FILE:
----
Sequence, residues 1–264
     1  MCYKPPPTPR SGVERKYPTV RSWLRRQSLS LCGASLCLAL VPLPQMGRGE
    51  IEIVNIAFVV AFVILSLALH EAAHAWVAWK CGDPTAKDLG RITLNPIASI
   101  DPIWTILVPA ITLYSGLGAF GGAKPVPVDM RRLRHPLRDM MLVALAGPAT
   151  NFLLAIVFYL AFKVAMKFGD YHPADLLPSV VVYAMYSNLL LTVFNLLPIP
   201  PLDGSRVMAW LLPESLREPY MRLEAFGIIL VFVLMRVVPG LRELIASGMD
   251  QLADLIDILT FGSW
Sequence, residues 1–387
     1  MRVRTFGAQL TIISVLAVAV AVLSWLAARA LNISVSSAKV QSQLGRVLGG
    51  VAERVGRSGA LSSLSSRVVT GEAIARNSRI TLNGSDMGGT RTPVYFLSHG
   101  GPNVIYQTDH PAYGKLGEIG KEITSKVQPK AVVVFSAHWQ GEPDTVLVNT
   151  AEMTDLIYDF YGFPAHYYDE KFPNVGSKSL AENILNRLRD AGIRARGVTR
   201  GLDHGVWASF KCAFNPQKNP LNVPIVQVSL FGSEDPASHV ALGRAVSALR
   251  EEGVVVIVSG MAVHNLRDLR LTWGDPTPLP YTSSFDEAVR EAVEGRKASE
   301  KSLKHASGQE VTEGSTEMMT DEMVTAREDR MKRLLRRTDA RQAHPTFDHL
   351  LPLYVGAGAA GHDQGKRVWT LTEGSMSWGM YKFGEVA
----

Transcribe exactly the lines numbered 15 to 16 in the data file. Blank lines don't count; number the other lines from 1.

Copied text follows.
   301  KSLKHASGQE VTEGSTEMMT DEMVTAREDR MKRLLRRTDA RQAHPTFDHL
   351  LPLYVGAGAA GHDQGKRVWT LTEGSMSWGM YKFGEVA